It’s 6 a.m., your alarm goes off and you hit snooze. As you lay in bed half asleep, you’re thinking about how crappy your sleep was. Right before you went to bed your mind was racing. Did I email Janice that attachment? How do I talk to Larry about his performance issues? I need to find a new dog groomer. Crap, I forgot to do that e-transfer…and the list goes on!
Now it’s 6 a.m. and those same thoughts along with countless new ones are back. Unfortunately, the racing mind is a sure way to increase stress and anxiety. In some cases, the never-ending list begins to overwhelm and paralyze us. We spend more time making mental lists and anguishing over what needs to be done instead of actually getting things done.
This stress manifests itself in different ways. We become snappy, angry and rude and as the day passes we feel like things just get worse.
If your morning started out a little stressful, you’re reading this and going - when does she tell me what I should do about it? Let’s get to the point. Ha! Am I right?
Well, for starters, remember that things won’t improve if we let our thoughts control our mind. To start doing this, we need to calm our minds down. And one simple way to calm your mind - breathe…
Now I realize you’re breathing or you wouldn’t be reading this post but what I’m referring to is ‘focused breathing.’ One simple technique I like to use is “Sama Vritti” breathing. Sama = same, equal. Vritti = fluctuation (both of breath and of mind.
Here’s how to practice Sama Vritti breathing:
- Find some privacy. It doesn’t matter if you’re in your bed, your office or outside an office building but having some level of privacy always helps.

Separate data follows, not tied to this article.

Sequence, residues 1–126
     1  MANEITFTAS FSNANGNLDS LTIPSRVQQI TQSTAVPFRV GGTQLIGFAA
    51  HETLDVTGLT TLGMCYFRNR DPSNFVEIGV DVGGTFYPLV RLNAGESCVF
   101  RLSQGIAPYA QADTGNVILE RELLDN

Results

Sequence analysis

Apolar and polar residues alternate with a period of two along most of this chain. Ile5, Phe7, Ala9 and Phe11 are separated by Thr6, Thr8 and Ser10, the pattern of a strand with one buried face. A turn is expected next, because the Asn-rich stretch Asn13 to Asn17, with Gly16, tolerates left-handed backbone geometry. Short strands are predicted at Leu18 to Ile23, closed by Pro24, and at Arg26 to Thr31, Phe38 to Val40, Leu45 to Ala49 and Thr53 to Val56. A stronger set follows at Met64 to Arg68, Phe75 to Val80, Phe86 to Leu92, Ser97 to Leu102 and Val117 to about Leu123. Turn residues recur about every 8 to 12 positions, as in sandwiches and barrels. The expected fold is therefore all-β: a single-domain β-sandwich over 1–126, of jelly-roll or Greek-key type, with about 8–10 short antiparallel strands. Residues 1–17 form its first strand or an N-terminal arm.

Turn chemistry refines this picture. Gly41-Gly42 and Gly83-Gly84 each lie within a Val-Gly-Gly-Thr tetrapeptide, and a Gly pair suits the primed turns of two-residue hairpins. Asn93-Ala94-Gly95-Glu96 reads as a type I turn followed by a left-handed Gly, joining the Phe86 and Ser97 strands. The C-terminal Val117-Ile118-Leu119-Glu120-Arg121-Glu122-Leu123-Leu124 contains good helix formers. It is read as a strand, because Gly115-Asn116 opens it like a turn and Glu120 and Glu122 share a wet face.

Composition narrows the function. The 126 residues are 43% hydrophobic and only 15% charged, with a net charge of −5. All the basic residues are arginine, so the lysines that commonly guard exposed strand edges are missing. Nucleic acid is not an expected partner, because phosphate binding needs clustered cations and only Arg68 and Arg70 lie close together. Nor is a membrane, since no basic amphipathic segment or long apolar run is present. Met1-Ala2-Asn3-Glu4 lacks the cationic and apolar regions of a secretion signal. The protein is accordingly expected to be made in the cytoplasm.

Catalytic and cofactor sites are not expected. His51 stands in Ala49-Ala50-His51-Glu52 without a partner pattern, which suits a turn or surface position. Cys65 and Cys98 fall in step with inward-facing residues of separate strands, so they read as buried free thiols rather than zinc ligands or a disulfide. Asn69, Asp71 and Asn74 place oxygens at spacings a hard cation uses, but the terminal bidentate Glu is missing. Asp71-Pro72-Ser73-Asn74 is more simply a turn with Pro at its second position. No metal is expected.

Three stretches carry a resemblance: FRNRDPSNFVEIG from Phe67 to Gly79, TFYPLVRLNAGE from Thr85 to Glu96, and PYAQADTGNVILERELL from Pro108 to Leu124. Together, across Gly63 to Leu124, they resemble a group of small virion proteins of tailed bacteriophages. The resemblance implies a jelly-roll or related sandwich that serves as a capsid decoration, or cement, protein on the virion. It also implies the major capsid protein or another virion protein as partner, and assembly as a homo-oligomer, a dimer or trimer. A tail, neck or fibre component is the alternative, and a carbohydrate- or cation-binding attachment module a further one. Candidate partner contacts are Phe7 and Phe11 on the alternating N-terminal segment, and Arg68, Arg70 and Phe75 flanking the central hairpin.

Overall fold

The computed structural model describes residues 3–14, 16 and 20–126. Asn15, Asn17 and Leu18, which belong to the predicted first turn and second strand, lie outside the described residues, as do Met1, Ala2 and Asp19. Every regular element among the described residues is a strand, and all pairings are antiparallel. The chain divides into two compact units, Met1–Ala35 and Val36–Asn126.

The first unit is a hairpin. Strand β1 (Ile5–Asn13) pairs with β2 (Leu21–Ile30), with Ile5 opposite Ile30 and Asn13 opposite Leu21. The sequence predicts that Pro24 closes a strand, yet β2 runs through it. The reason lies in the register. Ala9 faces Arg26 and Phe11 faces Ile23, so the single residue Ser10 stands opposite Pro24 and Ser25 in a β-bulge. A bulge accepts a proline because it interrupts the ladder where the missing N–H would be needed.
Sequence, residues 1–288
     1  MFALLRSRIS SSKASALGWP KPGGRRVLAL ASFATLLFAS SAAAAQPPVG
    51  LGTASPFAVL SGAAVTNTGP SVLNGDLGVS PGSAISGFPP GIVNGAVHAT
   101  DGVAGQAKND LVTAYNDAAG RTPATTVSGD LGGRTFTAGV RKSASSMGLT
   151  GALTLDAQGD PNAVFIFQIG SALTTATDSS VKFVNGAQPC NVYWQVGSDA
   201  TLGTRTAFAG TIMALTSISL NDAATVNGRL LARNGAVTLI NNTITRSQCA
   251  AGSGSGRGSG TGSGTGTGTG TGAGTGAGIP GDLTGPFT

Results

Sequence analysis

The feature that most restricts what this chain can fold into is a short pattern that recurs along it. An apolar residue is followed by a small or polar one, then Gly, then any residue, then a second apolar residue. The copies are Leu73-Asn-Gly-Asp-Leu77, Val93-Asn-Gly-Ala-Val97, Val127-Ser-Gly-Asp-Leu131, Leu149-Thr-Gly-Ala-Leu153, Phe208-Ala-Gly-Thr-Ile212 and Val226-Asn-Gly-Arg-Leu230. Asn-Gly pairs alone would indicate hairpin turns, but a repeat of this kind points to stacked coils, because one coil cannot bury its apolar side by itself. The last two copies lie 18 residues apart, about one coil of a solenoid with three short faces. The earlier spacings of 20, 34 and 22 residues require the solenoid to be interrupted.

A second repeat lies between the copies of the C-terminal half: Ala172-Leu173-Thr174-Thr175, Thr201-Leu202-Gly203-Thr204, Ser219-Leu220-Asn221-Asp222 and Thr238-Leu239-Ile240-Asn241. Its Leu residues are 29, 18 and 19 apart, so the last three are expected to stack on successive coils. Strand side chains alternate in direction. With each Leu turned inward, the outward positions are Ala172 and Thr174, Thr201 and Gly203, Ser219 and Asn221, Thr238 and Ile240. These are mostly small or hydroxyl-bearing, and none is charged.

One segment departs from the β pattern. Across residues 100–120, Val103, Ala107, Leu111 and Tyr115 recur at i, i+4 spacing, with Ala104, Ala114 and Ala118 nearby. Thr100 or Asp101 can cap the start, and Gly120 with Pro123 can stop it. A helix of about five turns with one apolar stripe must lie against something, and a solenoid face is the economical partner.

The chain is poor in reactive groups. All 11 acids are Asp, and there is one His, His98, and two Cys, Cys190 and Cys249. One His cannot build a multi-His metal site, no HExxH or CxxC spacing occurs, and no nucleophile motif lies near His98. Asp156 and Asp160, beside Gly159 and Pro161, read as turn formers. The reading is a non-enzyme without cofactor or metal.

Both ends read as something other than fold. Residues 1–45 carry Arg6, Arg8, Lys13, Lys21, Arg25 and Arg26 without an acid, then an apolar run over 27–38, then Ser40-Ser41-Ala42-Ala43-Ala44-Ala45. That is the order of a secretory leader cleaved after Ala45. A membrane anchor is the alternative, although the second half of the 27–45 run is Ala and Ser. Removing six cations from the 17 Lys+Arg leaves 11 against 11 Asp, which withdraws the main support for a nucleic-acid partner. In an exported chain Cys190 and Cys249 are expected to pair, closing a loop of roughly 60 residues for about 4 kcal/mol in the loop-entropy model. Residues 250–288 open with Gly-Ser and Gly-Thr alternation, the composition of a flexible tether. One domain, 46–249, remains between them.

- Close your eyes and get comfortable. Place both palms (face down) on your thighs.
- Take a deep breath, inhaling through your nose and counting to four as you inhale. Let the air enter your belly, not just your lungs. Notice your stomach expand.
- With your eyes closed, exhale to a count of four and let the air slowly escape out of your belly, through your throat and then your nose.
- As you breathe, become aware of your breath. With your eyes closed, observe the sensation of air entering your nose and leaving through your belly. The awareness and counting is key. When you count, you stay focused on every breath and the count, instead of distractions. If a thought comes to mind, acknowledge that you were distracted and go back to counting as you breathe.
- Continue this pattern of breathing for four to seven minutes.
After a few weeks of doing this, you can increase the count to 6 or 8, and also increase the duration of this exercise.
Try practicing this as soon as you start your day and right before you jump into bed. You’ll be amazed at how powerful something as simple as breathing can be. This technique will also calm you nervous system and help you become more focused.
Stay calm and breathe on. Scratch that. Stay breathing and calm on.